Category Archives: Search

Ten technical Twitter tips for journalists

So you think you know Twitter? But do you know how to archive tweets, set up an RSS feed of a Twitter stream or have private group chat?

Here are some practical, technical tips to help you:

1. Learn to love Twitter’s own advanced search. Since being updated earlier this year, Twitter’s search options have become much more powerful than they once were. You can use the advanced search page, but it’s worth learning a few shortcut commands you can use on the Twitter homepage. For example,

Type to: in the search box on Twitter’s home page to get messages sent to you or to a particular username.

Find local tweets using near: and within: This is a tip sent by journalism student Jeroen Kraan @KraanJ when we were discussing Twitter tips on @journalismnews.

There is a list of more Twitter advanced search commands here.

2. Search tweets using Topsy. Topsy is Google for social media, a search engine that allows you dig part way into the unimaginably vast Twitter archive.

3. Get to know other search tools. Search tweets using Snap Bird. This is a really handy tool that allows you to search a user’s timeline or your own account. Try PostPost to search and “strip search” your timeline. PostPost will ask for your email address, send you a link and then you can dig deep within your timeline, searching for a specific hashtag or user.

4. Set up an RSS feed. You can set up feeds of your own or any other user’s Twitter updates.

To add a feed of tweets from a user copy and paste the following, replacing xxxx with the user name.

This method doesn’t work for Google Reader but is compatible with RSS readers such as NetNewsWire.

To set up a keyword RSS feed use the following URL, replacing / journalism jobs with your search query. jobs

There’s also this really handy tool from This allows you to set up an RSS feed for a username, Twitter list or keyword.

5. Archive your tweets. You can archive a hashtag or tweets sent from your account or another user’s account using Twapperkeeper. This is a particularly useful way if you want to search for a tweet you sent some months or even years ago.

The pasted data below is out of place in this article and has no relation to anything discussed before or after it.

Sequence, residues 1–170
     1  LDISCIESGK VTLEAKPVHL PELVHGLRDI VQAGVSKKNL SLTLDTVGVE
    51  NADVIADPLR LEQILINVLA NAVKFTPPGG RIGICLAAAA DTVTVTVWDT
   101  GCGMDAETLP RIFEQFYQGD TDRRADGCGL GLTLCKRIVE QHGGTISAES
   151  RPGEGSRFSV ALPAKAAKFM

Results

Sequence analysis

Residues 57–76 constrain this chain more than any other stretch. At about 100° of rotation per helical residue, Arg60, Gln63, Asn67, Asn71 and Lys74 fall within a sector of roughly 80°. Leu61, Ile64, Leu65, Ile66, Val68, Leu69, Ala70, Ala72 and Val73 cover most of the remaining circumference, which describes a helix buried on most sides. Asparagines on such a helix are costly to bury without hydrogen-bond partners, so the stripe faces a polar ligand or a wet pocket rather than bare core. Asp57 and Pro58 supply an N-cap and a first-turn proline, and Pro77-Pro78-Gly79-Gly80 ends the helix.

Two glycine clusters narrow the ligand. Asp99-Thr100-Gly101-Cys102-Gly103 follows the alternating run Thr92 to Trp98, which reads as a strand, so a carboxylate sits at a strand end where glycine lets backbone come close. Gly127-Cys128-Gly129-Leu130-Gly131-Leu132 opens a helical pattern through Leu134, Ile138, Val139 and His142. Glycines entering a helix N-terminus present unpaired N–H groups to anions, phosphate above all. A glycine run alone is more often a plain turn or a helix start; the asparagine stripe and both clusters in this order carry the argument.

6. Verify tweets. The HoverMe browser extension for Chrome is useful for verifying Twitter sources. Once installed and you hover over a Twitter profile photograph, you can see what other online accounts that user has and although not fool-proof, it will give you some idea of whether they are a real person with LinkedIn, YouTube and Delicious accounts and, helpfully, a Klout score, which measures online influence.

7. Here’s a tip for TweetDeck users who share the management of a Twitter account. One limitation of TweetDeck is the inability to be able to create a column of tweets sent from your account, something you can do in other applications such as HootSuite. The workaround is to set up a new Twitter account, follow the one (or more) account you manage and set up a TweetDeck column for “all friends”. This is our solution at, where several people respond to tweets.

For this to work you must always use a character before the @ as tweets beginning @username can only be seen by people who follow you and that person.  For example, use .@joebloggs and not @joebloggs when writing tweets that begin with a username.

8. Have private, group chats by starting tweets with !b. New Twitter tool !blether allows you to start a group, private chat with people who follow you. After authenticating this tool you can use !b at the beginning for a tweet to begin a conversation. Useful for chats during conferences.

9. Monitor Twitter lists. How often do you make use of other people’s Twitter lists? Journalists seem to frequently overlook these existing lists where people have already done the legwork for you in terms of collating lists of useful people to follow. For example, a journalist following a story such as an uprising in an Arab country, a financial story or celebrity gossip can simply follow a list someone else has created.

Did you know that has Twitter lists for UK regional journalists, UK broadcast journalists, UK press public relations, UK consumer journalists, etc? Send us a tweet if we have missed adding you to the correct list.

10. Familiarise yourself with how to read and send tweets via SMS. You never know when you might need to send or read a tweet via SMS. Even if you have a smartphone you may find yourself unable to use a 3G or WiFi signal. The number you need to save in your contacts is 86444 (for UK Vodafone, Orange, 3 and O2 customers). (Other country codes are listed here.) The command you need to remember or to save is ON. Text ON to the above number and you will be able to follow the commands to receive and send tweets.

Helpful links:

Newspaper image recognition app Paperboy launches for UK titles

From today you can use the free Paperboy iPhone and Android app to take a photo of newspaper or magazine article and image recognition technology will use the picture to find the digital version of that story. You can then share the digital article via social media or save to the app’s library, or to note taking and archiving platform Evernote.